Midlife Eating Disorder

By Josephine Atluri, Dir. Business Operations

In our efforts to build a community for our members to feel safe, comfortable, and motivated, the entire BodyBurn team has made a sincere effort to show our members our real selves via our eating habits, exercise routines, and even our personal lives. It dawned on me that as I was pushing this idea of realness upon the team, I had my own real story to share that I had never dared to talk about with others. Our fearless founder, Ray Peleckas, took the bold step of sharing his personal story and it inspired so many, myself included. And so, I find myself finally ready to share a real part of my life - my story about my bout with bulimia. Now that I am in the fitness industry, I feel like it is time to own up to my personal fitness and nutrition struggles in the event that it may resonate with others. So, here goes…

Does this story begin long ago in my teenage days? Actually, no. That’s perhaps what was most surprising to me. I had managed to have a somewhat healthy relationship with food and exercise most of my life. Sure, I had the usual insecurities and body loathing that most girls seem to have here and there, but I never really let it get me down too much. Instead, I focused on my health via regular exercise. Rather, my eating disorder took me completely by surprise when I turned 34!

An extremely long story led up to the fact that I finally had given birth to twins in 2008. I lost a ton of baby weight on my own, but to motivate myself to get in even better shape, I signed up to do a Tough Mudder race in 2011. I enlisted the help of a fantastic trainer and a nutritionist to help me get in the best shape of my life. For those that don’t know me, I’m a pretty competitive person even with just myself. I had set a pretty high fitness goal and had far exceeded that goal. Just look at my back in that pull-up picture. Never in my life had I looked like that. I have to tell you that once you start to lose weight and look good it’s a pretty addictive feeling.

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After race season was over and the holidays had arrived, I had a really hard time managing how to eat “regularly” without fearing that I’d gain back all the weight I had worked so hard to lose. It was terrifying. And that’s when it happened. That’s when the eating disorder decided to rear its ugly head into my life. In my 30’s. I don’t remember the details of the first time it happened, but most times it just happened. It was never something that I planned ahead of time. I’d find myself eating something that I had not allowed myself to eat during my training/dieting time. Once I had eaten something off-limits, it almost seemed like the game was over for that day. I had lost so I may as well just keep eating the “bad” stuff. After a certain point in that bad eating cycle, you just feel so horrible about yourself that you feel compelled to throw it all up. And that’s what I did. For about six months during the holiday season and after. It was horrible, exhausting, lonely and utterly depressing. I hated every moment of it and yet I couldn’t find a way out of the vicious cycle. Perhaps the worst part of the experience was that I felt like a total failure.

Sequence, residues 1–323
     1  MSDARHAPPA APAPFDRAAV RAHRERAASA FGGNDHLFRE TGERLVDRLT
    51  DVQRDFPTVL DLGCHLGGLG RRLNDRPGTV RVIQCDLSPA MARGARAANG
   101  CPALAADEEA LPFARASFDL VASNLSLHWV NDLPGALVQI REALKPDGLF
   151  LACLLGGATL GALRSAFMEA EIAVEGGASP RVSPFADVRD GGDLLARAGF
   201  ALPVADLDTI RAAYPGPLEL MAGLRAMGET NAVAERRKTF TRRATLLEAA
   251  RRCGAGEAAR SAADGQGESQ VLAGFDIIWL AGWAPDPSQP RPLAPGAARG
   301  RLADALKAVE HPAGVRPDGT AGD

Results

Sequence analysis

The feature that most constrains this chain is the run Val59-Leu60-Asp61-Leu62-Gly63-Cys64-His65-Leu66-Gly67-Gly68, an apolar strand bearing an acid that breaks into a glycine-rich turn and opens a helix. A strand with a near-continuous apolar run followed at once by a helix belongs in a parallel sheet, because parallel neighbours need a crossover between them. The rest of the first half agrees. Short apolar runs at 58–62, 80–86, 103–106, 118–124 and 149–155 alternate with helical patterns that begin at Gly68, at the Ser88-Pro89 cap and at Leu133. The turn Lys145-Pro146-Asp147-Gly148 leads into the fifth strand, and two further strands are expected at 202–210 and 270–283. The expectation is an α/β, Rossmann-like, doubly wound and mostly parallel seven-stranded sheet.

On the regular, I’m a pretty optimistic person that doesn’t like to get down in the dumps for too long. Plus, I consider myself a hypochondriac. Disease freaks me out. I needed to do something about this problem. So, after half a year with an eating disorder I had decided enough was enough. Here I was trying to raise three kids under the age of four and I could barely take care of my own health.

It was insanely hard to own up to my problem for the first time to my husband. It’s one thing to live it secretly, but it’s a whole other ballgame to say it out loud to someone you love - someone who thought they knew and trusted you. I do remember that day I told my husband I was awash in guilt, shame, and failure, but honestly, I also felt a great sense of relief. It was such a heavy burden to carry around this secret and to live almost in the shadows as a different person. Knowing that someone who loved me finally knew my secret made me feel better and quite frankly made it easier for me to take the next step to get some professional help.

As I write this, I have to be honest and say that I’m freaked out over how my friends and family will react. However, my worry over sharing this truth is trumped by my need to share this experience in order to reach out to others who may also be struggling with their nutrition and weight loss. Plus, as a a mother to a little girl and the aunt of many nieces it is important for me to impart the importance of proper nutrition and a healthy self image rather than the aim of body perfection. Another piece of wisdom that I can share with others trying to lose weight is to aim for that elusive “balance” that we so desperately try to achieve in all aspects of our lives. When it comes to weight loss, it is important to allow yourself some off days and to try and eat a well rounded diet so that you don’t feel deprived. It is important to be train yourself to eat in a healthy way that is realistic and sustainable over the long term. I’m not a dietician so I’m going to leave it at that.
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I joined BodyBurn by Ray because I love fitness. I love what exercise has done for my well being over the years. I wanted to help people attain that same relationship with fitness that has turned into a lifestyle for me. I hope that my effort to be “real” and share my story will help someone out there. It is possible to overcome a great darkness in your life. And it is indeed possible to have a healthy relationship with food and exercise.

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